Table 4 Influence of IL-10 deficiency and high-fat diet on the concentrations of pro-inflammatory mediators in serum

Renal fibrosis

Inflammatory reactions lead to fibrosis and the lesion is mainly the cortical area (at the edge of the cortex and medullary ray). High/IL10KO mice showed expanded and severe fibrosis (Fig. 4A) in the interstitial area with Masson’s trichrome staining. The glomerular and interstitial fibrosis area was greater in High/IL10KO mice compared to the High/BL6 group (Fig. 4B, Table 3). In IHC, α-SMA was detected in vascular smooth muscle cells in arteries and arterioles and Col1 and fibronectin were usually found in the renal tubulointerstitium; the positive area was the highest in the High/IL10KO mice (Fig. 4C). The mRNA expression levels of α-SMA, Col1 and fibronectin were also significantly elevated in the high-fat dieted mice and more increased in the IL-10 deficient condition (p < 0.01, Fig. 4D).

Fig. 4
figure4

Influence of IL-10 deficiency and high-fat diet on renal fibrosis. A Masson’s trichrome staining for fibrosis in the glomerular and interstitial tubular area; B Percentage of interstitial fibrotic area; C Immunohistochemistry for the identification of deposited matrix; D Quantitative real-time PCR for fibrosis related genes. α-SMA: alpha smooth muscle actin, Col1: collagen type 1. IL-10 deficiency and high-fat diet aggravates tubulointerstitial ECM deposition as identified with Masson’s trichrome staining and the fibrosis related markers α-SMA, Col1 and fibronectin evaluated through IHC and real-time PCR analysis. Low/BL6: C57BL/6 mice fed a low-fat diet, Low/IL10KO: IL-10KO mice fed a low-fat diet, High/BL6: C57BL/6 mice fed a high‐fat diet, High/IL10KO: IL-10KO mice fed a high-fat diet. Data are expressed as the mean ± SD and analyzed by Student’s t-tests (n = 6 per group). *p < 0.05 versus Low/IL10KO; **p < 0.01 versus Low/IL10KO. All fields were chosen from the cortex and outer medulla

Renal function

Histopathologic alterations, inflammatory cytokines/chemokines secretion and prominent fibrosis are closely related to kidney functional abnormalities. Representative renal function indicators are serum creatinine, BUN and proteinuria, thus, we evaluated these factors with ELISA kits (Table 5). Serum creatinine was significantly higher in the high-fat dieted mice compared to low-fat dieted mice and IL-10 deficiency caused severely increased serum creatinine levels (p < 0.01). BUN and proteinuria values were not significant, but relatively elevated in high-fat dieted and IL-10 deficient mice.

Table 5 Influence of IL-10 deficiency and high-fat diet on renal function

Discussion

We proved that IL-10 deficiency aggravates renal failure in obese condition through lipid accumulation, renal histopathology, inflammatory cells infiltration, pro-inflammatory cytokines/chemokines secretion, fibrosis and functional analysis.

When observing the fat mass in the body cavity, mice on a high-fat diet had more accumulation than mice on a low-fat diet, of course. However, contrary to expectations, the fat accumulation of IL-10 deficient mice was smaller than that of mice carrying this gene. It seemed as if IL-10 deficiency reduced fat accumulation. Unlike this, High/IL10KO mice showed significantly elevated serum cholesterol, renal lipid droplets and lipid uptake related genes expression. To interpret these unexpected results, we paid attention to the correlation between fat accumulation, inflammatory response and IL-10 deficiency. Inflammatory responses require a huge energy consumption, which is generated from adipose tissue degradation [12]. Also, the lipid accumulation at ectopic sites produces harmful lipid intermediates and these toxic metabolites cause severe lipotoxicity [13, 14]. The lipotoxic environment alters the immune phenotype of adipose tissue, leading to macrophage infiltration, pro-inflammatory cytokine secretion and apoptotic death of adipocytes [15]. Thus, the decreased fat mass seen in High/IL10KO mice may actually indicate a severe inflammatory response, due to IL-10 deficiency. In addition, the kidneys showed a severe inflammatory reaction. The High/IL10KO group showed reduced kidney size with atrophy, which indicates renal fibrosis following inflammatory reactions. Therefore, to confirm the severe inflammatory response by IL-10 deficiency, we performed histopathology, immune cell infiltration, pro-inflammatory cytokines/chemokines secretion and renal function analysis.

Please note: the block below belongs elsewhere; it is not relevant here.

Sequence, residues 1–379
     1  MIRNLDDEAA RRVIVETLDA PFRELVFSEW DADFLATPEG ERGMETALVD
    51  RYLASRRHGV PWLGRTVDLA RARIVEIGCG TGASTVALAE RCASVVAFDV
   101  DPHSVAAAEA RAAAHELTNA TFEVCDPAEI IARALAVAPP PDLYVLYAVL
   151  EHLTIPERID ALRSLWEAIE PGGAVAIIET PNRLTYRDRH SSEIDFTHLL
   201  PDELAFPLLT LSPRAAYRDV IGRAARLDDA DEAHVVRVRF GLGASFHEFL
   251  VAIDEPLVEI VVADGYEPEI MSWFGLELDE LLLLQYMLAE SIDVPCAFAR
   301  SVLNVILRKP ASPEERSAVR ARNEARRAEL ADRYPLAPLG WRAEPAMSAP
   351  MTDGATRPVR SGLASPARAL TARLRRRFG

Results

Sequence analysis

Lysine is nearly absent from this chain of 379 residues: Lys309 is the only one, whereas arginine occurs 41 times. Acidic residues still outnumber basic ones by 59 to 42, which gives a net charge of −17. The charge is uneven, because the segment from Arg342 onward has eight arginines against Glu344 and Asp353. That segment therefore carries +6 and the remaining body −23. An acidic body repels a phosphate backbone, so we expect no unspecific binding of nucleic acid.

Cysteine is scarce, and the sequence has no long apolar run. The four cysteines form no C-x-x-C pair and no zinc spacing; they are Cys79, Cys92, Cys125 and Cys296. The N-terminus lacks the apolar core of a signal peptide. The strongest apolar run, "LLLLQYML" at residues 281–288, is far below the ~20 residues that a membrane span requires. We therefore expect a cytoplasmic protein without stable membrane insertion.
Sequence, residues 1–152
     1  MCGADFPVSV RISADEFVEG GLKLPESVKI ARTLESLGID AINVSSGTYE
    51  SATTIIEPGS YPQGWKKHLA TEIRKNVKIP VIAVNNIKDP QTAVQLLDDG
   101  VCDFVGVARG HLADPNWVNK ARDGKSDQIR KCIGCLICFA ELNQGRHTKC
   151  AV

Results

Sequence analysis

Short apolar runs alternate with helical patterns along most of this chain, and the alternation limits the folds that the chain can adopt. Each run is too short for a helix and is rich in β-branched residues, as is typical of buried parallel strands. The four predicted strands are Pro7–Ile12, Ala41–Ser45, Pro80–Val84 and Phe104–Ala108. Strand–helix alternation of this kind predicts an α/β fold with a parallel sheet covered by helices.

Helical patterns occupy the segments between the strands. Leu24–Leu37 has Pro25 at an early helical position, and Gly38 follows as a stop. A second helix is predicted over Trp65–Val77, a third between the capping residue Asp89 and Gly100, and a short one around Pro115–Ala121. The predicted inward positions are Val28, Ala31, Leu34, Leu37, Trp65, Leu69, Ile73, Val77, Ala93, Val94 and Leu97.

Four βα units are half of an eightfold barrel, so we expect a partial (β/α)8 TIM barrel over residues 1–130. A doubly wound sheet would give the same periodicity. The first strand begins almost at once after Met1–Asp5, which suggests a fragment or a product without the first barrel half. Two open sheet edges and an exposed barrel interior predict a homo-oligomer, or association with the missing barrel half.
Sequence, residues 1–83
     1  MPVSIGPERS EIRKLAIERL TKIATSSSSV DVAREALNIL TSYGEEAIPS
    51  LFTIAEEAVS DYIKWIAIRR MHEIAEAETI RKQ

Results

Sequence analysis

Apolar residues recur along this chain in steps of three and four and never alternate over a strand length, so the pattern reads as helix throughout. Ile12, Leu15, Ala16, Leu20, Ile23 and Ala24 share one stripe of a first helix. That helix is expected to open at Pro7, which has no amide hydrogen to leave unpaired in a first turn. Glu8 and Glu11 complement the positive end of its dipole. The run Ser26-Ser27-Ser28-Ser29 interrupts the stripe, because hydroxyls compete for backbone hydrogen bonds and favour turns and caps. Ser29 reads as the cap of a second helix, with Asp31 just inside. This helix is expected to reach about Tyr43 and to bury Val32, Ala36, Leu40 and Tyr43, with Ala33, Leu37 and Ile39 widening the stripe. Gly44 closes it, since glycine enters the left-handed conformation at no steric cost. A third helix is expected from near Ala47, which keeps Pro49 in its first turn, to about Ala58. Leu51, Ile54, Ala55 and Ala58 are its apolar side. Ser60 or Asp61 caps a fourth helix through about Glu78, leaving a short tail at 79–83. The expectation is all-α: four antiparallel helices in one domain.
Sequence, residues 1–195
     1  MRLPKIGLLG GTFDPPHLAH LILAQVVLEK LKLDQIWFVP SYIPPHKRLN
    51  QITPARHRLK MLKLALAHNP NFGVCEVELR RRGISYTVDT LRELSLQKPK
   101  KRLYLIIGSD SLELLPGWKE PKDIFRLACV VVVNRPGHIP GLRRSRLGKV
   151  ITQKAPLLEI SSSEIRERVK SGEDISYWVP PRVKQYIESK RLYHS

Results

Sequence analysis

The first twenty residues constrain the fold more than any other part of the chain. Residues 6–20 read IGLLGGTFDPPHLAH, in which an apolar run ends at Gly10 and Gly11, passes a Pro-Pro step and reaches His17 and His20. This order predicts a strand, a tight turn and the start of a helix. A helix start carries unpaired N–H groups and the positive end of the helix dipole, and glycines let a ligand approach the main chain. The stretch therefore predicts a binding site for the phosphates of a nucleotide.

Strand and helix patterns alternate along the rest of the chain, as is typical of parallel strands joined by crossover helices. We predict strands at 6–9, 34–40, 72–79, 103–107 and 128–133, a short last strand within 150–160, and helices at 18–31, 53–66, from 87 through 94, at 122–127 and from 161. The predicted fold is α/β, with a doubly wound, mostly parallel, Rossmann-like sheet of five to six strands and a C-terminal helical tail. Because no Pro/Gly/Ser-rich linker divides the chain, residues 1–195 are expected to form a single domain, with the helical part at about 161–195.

In the histopathologic analysis, high-fat diet showed severe mesangium hyperplasia and glomerulosclerosis compared to the low-fat diet. These histologic abnormalities were closely related to lipid levels in the serum and kidney. Increased serum LDL level stimulates the low-density lipoprotein receptor (LDLr) to take up cholesterol into kidney. That activity is regulated by sterol regulatory element binding protein-2 (SREBP-2) in mesangial cells and SREBP-cleavage activating protein (SCAP) is required as a chaperone protein [16, 17]. The enhanced lipid deposition in the kidney stimulates inflammatory cytokine secretion by renal mesangial cells [18, 19], promotes glomerulosclerosis by macrophages [20], adhesive factors produce by endothelial cells and chemokines produce by monocytes [21]; thus, excessive serum lipid levels cause mesangium proliferation, matrix synthesis, glomerular area increase and glomerular basement membrane thickening [22, 23]. The increased droplets in kidneys indicate the production of pro-inflammatory adipokines by ectopic adipocytes, which lead to monocyte recruitment and consequent glomerulosclerosis [2]. These histological alterations caused by high-fat diet were worsened under IL-10 deficient condition. Thus, above results demonstrated that IL-10 deficiency closely related to severe renal histopathologic alterations.